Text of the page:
Thursday in the Third Week of Ordinary Time

Ephesians 3:14-21

That You Might Be Filled with All the Fullness of God

This might be the most beautiful part of Paul’s letter to the Ephesians; but then again there are many beautiful parts in this letter.  You will remember from our first devotion that some have called this letter the “crown of Paulinism,” and this particular prayer of the Apostle, though short, really shows us his heart for God’s Church.

Paul bows his knees.  I won’t make much of this, only to say that posture during prayer says more than we know.  He makes this prayer to the Father, who is God and Father over all as Creator, but only over His people as Redeemer.  And for what does Paul ask?  That we may “be strengthened with power through His Spirit in [our] inner being, so that Christ may dwell in [our] hearts through faith.”  Consider that Paul is speaking to Christians, so Christ already dwells in their hearts through faith.  But Paul wants more of Christ; Paul wants more of the Spirit.  And Jesus himself said, “If you then, who are evil, know how to give good gifts to your children, how much more will the heavenly Father give the Holy Spirit to those who ask Him!” (Luke 11:13).  And as Christ dwells in our hearts, we are thus “rooted and grounded in love.”  There is no way to truly love without Christ in our hearts.  Sadly, there are many of us with Christ in our hearts who show little love.  How comes this?  Perhaps we should set aside our personal prayer requests and instead pray the prayers that are written in the Bible.  Perhaps then we shall receive more of His Spirit and hence experience more of the overflowing love of God in our hearts for people we don’t even know, and may even dislike.

And this love is necessary for one other thing: “to comprehend with all the saints what is the breadth and length and height and depth, and to know the love of Christ that surpasses knowledge, that [we] may be filled with all the fullness of God.”  This is the best the Christian can ask for in this life—and I suppose in the next—to be filled with all the fullness of God.  Of what that consists, I cannot say.  It must have something to do with love as that is what Paul has been discussing—an all-encompassing, enveloping love where one is lost in God’s love, yet found at the same time—a love that includes others as it spills out for God’s sake.  Well, I guess I’m wandering.

The last part of the prayer is what is called a “doxology,” a word of glory to God and a “benediction,” a good word, to us.  And notice that Paul says, “To Him be glory in the Church and in Christ Jesus.”  In the Church.  Amen!

Author: The Reformed Baptist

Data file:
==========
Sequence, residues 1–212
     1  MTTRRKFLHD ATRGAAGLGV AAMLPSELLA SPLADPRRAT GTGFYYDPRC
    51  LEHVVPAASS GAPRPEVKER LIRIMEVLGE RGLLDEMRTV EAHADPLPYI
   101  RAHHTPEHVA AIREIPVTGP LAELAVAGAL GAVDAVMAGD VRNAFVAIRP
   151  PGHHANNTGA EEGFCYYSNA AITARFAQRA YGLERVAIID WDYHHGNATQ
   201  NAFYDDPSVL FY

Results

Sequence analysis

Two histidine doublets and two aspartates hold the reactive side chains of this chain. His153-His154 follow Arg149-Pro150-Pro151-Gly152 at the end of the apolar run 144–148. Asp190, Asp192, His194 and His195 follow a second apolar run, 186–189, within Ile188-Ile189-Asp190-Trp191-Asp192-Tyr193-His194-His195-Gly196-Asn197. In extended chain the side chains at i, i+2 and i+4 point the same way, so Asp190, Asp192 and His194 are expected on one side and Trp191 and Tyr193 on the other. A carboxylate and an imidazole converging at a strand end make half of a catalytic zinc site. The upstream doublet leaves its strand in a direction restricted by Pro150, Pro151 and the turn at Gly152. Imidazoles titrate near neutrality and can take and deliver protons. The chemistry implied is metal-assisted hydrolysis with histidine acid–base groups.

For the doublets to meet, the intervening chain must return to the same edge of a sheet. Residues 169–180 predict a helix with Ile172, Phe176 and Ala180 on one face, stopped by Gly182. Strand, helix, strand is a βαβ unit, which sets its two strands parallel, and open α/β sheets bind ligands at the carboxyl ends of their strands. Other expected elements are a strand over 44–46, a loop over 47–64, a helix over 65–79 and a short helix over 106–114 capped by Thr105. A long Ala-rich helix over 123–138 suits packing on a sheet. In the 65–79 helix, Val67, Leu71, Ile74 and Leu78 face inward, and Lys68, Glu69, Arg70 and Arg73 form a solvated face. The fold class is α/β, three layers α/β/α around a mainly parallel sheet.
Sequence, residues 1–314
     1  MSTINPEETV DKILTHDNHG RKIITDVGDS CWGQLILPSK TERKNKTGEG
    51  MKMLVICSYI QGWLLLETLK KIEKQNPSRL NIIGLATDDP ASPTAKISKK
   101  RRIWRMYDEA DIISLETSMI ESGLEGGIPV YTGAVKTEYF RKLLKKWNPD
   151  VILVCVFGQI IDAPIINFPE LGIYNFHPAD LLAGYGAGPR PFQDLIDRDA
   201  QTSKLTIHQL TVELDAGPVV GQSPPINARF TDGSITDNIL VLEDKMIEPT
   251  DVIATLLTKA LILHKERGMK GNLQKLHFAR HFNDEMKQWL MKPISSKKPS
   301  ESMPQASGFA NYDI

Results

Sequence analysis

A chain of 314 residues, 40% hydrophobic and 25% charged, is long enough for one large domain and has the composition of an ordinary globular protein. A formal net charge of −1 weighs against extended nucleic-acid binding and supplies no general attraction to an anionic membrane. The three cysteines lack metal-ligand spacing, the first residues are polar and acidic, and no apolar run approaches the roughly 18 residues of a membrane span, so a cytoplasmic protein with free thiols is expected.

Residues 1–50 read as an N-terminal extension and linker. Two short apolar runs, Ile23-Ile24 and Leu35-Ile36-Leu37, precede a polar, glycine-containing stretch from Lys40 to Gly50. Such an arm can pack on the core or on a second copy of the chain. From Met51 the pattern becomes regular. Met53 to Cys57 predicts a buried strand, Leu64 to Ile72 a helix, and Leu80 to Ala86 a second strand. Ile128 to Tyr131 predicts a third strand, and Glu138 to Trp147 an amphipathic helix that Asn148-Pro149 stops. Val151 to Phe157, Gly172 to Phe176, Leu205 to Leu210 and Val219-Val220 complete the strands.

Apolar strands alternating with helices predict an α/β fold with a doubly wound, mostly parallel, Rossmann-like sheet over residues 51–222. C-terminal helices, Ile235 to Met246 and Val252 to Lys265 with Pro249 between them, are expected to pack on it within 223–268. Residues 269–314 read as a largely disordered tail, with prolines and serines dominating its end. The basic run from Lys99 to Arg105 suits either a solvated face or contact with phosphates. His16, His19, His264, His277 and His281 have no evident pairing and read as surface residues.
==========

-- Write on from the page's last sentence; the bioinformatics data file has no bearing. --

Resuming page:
My name is Stephen Taylor, ordained Baptist minister of eighteen years pastoral experience with a Ph.D. in Historical Theology from Southwestern Baptist Theological Seminary in Fort Worth, Texas. Better than that, I am married to a godly woman, Karla, who has been very patient with me since 1989. I have two daughters, both of whom I homeschooled for extended periods of time, who became godly young women, and who ran off and married godly young men, all of which is very proper. The oldest daughter has even seen fit to bless me with a grandson and a granddaughter, and my youngest daughter with a grandson, all three of whom are bundles of exceeding joy. As you can see, I am quite blessed. This website is dedicated to helping people grow in the wisdom and knowledge of our Lord Jesus Christ through the gift of writing that the Lord has given to me. It is specifically about helping His people grow in godliness, the theme you see repeated above. I write devotions with this aim and hope that they might be of some help to God’s people. Full disclosure: I am of a Reformed bent, meaning that my understanding of Scripture is primarily informed by the Reformers and their successors of the sixteenth and seventeenth centuries. However, as a student of church history and theology, I strive to remain true to that teaching handed down once for all unto the saints through every age of the Church. I like to think of myself as a “catholic” Christian, as the Reformers thought of themselves. At any rate, feel free to read, pray, and contact me if you wish, or correct me if need be. As you can see, I tend to follow the church year. Of course, I make no special claims about these devotions. I know very well that others have written better and plumbed the depths of God’s word with greater insight. But if my musings help someone draw closer to the Lord, well then, I have my reward. Blessings to you and may the God and Father of our Lord and Savior Jesus Christ speak to you that word which He knows you especially need to hear. Grace & peace, Stephen Taylor

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